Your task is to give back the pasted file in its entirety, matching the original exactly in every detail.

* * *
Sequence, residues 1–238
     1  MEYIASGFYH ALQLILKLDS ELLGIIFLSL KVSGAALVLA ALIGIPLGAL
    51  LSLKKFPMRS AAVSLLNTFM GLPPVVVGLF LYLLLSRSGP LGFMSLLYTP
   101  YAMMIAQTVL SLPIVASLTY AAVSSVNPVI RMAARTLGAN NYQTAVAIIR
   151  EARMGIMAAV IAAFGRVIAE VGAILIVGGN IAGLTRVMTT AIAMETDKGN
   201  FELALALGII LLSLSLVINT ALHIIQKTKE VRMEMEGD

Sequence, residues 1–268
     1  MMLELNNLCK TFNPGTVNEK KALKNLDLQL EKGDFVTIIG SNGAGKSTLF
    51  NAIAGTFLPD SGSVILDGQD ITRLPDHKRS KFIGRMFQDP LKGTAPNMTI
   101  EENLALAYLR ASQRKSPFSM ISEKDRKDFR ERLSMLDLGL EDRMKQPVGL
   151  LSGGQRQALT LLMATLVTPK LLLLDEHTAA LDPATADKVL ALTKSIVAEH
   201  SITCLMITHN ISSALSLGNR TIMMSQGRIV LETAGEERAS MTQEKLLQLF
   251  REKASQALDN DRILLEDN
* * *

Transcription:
Sequence, residues 1–238
     1  MEYIASGFYH ALQLILKLDS ELLGIIFLSL KVSGAALVLA ALIGIPLGAL
    51  LSLKKFPMRS AAVSLLNTFM GLPPVVVGLF LYLLLSRSGP LGFMSLLYTP
   101  YAMMIAQTVL SLPIVASLTY AAVSSVNPVI RMAARTLGAN NYQTAVAIIR
   151  EARMGIMAAV IAAFGRVIAE VGAILIVGGN IAGLTRVMTT AIAMETDKGN
   201  FELALALGII LLSLSLVINT ALHIIQKTKE VRMEMEGD

Sequence, residues 1–268
     1  MMLELNNLCK TFNPGTVNEK KALKNLDLQL EKGDFVTIIG SNGAGKSTLF
    51  NAIAGTFLPD SGSVILDGQD ITRLPDHKRS KFIGRMFQDP LKGTAPNMTI
   101  EENLALAYLR ASQRKSPFSM ISEKDRKDFR ERLSMLDLGL EDRMKQPVGL
   151  LSGGQRQALT LLMATLVTPK LLLLDEHTAA LDPATADKVL ALTKSIVAEH
   201  SITCLMITHN ISSALSLGNR TIMMSQGRIV LETAGEERAS MTQEKLLQLF
   251  REKASQALDN DRILLEDN